Qualitative Pawn Majority:
Part of the Advanced Beginner's Chess Guide (Section 1) and the
Chess Strategies Guide (Section 2: Studying the Pawns)

# Qualitative Pawn MajorityPoint Count Chess: [+]

This article includes my notes, additional images and interactive chess positions from my study of Horowitz & Mott-Smith's book, Point Count Chess.

Source:
Point Count Chess,
Chapter 22. King Position and Offside Majority (p255-266)

Point Count Chess, Examples:

IMPORTANT: None of the following examples specifically features a Qualitative Pawn Majority, but they do feature instances where one side has a Majority of Pawns, be they on one flank, or in the Center. So, that's why I've grouped them all together, within this Qualitative Pawn Majority section.
• Two Against One
• The Minority Attack
• The Offside Majority
• The Four-to-Three Wing
• Gaining the Offside Majority
• Offside Majority v. Minority Attack

"Qualitative" means looking at both sides and seeing which side has the least weakness (think Weak Pawns).

If both sides have 4 pawns, but one side has Doubled, or other Weak Pawns, then the better side with 4 pawns would have the "qualitative" majority.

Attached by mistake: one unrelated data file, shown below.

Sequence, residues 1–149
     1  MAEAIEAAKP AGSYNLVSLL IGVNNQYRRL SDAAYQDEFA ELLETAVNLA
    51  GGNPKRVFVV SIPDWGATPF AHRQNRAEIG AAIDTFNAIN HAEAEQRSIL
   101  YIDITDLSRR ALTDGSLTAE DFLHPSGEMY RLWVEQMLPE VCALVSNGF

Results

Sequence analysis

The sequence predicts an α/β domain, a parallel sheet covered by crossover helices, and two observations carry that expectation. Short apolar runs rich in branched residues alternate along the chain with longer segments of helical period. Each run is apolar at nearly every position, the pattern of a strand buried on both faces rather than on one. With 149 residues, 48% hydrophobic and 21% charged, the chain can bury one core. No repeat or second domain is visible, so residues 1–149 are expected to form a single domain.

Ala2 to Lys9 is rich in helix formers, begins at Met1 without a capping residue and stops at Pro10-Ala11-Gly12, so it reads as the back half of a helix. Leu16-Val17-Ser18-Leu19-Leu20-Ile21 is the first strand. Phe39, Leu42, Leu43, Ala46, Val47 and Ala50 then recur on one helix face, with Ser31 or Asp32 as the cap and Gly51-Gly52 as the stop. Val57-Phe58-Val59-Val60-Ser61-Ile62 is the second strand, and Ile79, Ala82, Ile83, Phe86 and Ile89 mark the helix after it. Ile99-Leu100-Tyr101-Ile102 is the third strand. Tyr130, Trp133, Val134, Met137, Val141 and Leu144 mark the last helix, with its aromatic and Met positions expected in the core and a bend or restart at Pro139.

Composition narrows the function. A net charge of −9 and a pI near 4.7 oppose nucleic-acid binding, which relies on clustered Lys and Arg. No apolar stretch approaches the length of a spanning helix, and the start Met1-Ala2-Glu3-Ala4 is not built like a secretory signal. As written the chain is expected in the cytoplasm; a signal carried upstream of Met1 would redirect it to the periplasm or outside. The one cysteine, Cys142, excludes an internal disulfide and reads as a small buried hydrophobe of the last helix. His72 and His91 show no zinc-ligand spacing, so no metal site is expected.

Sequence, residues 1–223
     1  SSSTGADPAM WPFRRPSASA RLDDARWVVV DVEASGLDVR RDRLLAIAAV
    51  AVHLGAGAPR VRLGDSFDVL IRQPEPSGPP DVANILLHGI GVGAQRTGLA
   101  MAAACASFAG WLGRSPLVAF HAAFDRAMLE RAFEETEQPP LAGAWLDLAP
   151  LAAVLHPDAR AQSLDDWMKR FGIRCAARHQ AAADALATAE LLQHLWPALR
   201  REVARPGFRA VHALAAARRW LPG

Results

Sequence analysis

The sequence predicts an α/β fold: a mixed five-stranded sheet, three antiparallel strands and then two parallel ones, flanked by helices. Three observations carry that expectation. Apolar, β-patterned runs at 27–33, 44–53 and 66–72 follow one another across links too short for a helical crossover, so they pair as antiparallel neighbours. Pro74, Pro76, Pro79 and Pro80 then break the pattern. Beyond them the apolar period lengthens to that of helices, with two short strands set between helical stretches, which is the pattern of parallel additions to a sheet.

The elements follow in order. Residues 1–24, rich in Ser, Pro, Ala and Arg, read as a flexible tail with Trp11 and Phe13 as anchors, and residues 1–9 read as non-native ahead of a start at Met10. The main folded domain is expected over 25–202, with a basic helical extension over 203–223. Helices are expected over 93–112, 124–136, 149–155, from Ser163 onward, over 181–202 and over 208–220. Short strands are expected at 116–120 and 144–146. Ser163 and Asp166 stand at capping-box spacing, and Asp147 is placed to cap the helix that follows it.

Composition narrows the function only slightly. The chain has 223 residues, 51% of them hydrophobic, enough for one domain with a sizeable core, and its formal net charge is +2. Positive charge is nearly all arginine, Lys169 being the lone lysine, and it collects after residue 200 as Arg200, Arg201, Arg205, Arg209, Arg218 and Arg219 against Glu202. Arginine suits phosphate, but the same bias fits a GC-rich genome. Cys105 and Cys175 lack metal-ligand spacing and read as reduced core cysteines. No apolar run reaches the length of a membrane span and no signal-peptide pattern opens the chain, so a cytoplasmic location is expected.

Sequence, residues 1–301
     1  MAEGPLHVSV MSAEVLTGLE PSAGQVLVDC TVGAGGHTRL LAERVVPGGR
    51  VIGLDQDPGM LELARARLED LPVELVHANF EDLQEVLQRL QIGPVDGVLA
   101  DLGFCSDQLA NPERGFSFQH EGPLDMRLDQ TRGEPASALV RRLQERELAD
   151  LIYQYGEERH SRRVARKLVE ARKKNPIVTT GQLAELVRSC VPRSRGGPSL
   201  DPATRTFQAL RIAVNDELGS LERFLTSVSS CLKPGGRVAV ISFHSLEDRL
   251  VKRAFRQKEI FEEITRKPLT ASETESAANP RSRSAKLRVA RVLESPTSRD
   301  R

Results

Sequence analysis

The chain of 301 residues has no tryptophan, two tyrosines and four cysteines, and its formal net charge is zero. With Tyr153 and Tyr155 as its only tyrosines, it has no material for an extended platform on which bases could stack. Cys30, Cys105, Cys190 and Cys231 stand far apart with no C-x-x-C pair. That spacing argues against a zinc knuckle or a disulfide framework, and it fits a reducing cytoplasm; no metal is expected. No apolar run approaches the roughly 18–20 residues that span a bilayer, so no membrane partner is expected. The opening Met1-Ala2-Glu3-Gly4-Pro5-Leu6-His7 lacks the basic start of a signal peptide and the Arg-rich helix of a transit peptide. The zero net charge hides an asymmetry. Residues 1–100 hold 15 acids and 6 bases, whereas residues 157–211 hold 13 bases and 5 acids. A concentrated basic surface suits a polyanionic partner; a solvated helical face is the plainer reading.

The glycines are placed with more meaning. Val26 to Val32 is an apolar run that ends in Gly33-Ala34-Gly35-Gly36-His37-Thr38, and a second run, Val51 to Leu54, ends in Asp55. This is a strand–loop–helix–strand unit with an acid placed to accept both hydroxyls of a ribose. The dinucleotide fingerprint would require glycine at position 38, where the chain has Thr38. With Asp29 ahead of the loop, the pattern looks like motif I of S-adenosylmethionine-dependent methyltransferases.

In Diagram 1, below, Black would have the Qualitative Pawn Majority, owing to White's very poor Doubled Pawns on f2 & f3 ...

Diagram 1: Black's Qualitative Pawn Majority
on the Kingside of the board.
Black has a Qualitative Kingside Majority. In this situation, White will probably play e2-e4 to exchange pawns there and try to straighten out his pawn structure, but he will still be 3 pawns facing 4 pawns, so a Qualitative Majority is a point for Black, in the current position.

Remember, Weak Pawns are the subject to focus on here, not Weak Squares. The thing to be aware of in assessing Qualitative Pawn Majority is to look at how well the Pawns could work together in future moves, rather than any squares they may have left weakened, by a Pawn having advanced. Diagram 2 will help clarify things ...

Diagram 2: White's g-Pawn leaves Holes at h3 and,
potentially at f3, but the structure isn't weak.
White's pawn structure is not weak. Even though the pawn on g3 creates two Backward Pawns on f2 and h2, having the Bishop on g2 actually makes this quite a strong formation.

And, yes, while there is a Hole at h3, it would not be possible, with correct play on both sides, for an army with three pawns to create a Passed Pawn against another army of pawns. The Holes do not count for the Majority, only the weakened pawn moves.

Remember, a Hole is a weak square, not a weak pawn.

As a suggestion, you need to get into your mind that squares and pawns are as different as pawns and pieces, and learn their unique characteristics ... Here we are talking about Pawn Majority, so you need to look at pawn structure, not square structure.

Moving On: Point Count Chess, Examples (Page 2).

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